It appears to me that the 2018 legislative session is setting up to be the “medical session” for several reasons:
1. There is an interim committee to study the State Employee Group Insurance plan. Undoubtedly, this committee made up of Senator Lakey, Johnson, Patrick, Nonini, and Nye with Representatives Wood, Anderson, Anderst, Manwaring, and Kloc will come up with good recommendations.
2. Congress seems to be making some progress on modifying the Affordable Care Act which will have impact on health insurance, Medicaid, taxes, high risk pool, Medicaid waivers etc. There will be plenty of work that will need to be done next session.
3. The legislature has wrestled with the Medicaid Gap issue for several years and is getting closer to making a decision. 2018 may be the year that a direction is chosen.
In preparation for the likelihood that the 2018 legislative session will be a busy “medical session”, I am committed to give a weekly report on what is happening, my thoughts and research, and news coming out of Washington D.C. My hope is that this “pre-discussion” will make the next session productive and relatively short. I don’t want to be making last minute decisions on these issues.
This week I would like to report on what the interim committee on the State Employee Group Insurance and Benefit Committee is doing. The first meeting was held on the 4thof May. The purpose was to begin the process of hiring a consultant. There were 6 consulting firms that submitted an RFP. The first meeting was to choose the finalists for face-to-face interviews. The three groups chosen for face-to-face interviews were Milliman, Mercer, and Westcott Partners. However, none of the 6 proposals were eliminated. There is a possibility that all six may be interviewed.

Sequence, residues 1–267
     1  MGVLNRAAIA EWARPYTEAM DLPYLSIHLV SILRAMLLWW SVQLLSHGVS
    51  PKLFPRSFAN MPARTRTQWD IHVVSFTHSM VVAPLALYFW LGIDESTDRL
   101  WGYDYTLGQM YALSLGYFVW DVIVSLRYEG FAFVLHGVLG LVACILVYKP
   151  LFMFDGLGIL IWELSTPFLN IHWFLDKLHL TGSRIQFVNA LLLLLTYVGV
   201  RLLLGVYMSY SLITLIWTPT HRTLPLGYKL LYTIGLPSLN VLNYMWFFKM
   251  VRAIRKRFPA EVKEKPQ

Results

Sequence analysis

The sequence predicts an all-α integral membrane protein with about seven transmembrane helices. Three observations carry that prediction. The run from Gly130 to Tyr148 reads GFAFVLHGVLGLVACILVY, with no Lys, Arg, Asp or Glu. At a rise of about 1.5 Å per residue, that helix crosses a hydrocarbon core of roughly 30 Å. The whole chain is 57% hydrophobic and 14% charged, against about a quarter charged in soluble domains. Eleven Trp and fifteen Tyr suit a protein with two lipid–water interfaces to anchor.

Choosing a consultant is extremely important. I applaud the committee for taking their time and trying to get this part right. I don’t have any more information about the process than this because the hiring process was done in executive session and I was not able to attend.
Some questions that I hope will be asked are:
1. What is your clientele base? Do you consult with large employers, small groups, government, fully and self-funded groups?
2. Have you had success in reducing medical costs while improving outcomes and increasing access?
3. Is your focus mostly on insurance or access to care through primary care arrangements like DPC or ACOs?
4. Do you recommend the use of bio-metrics and incentives to deal with smoking, weight management, and exercise?
5. The legislature passed a resolution requesting a medical transparency tool. What experience to you have with transparency tools?
6. What programs and recommendations have you made to your clients that have improved their health care plans?
Senator Steven Thayn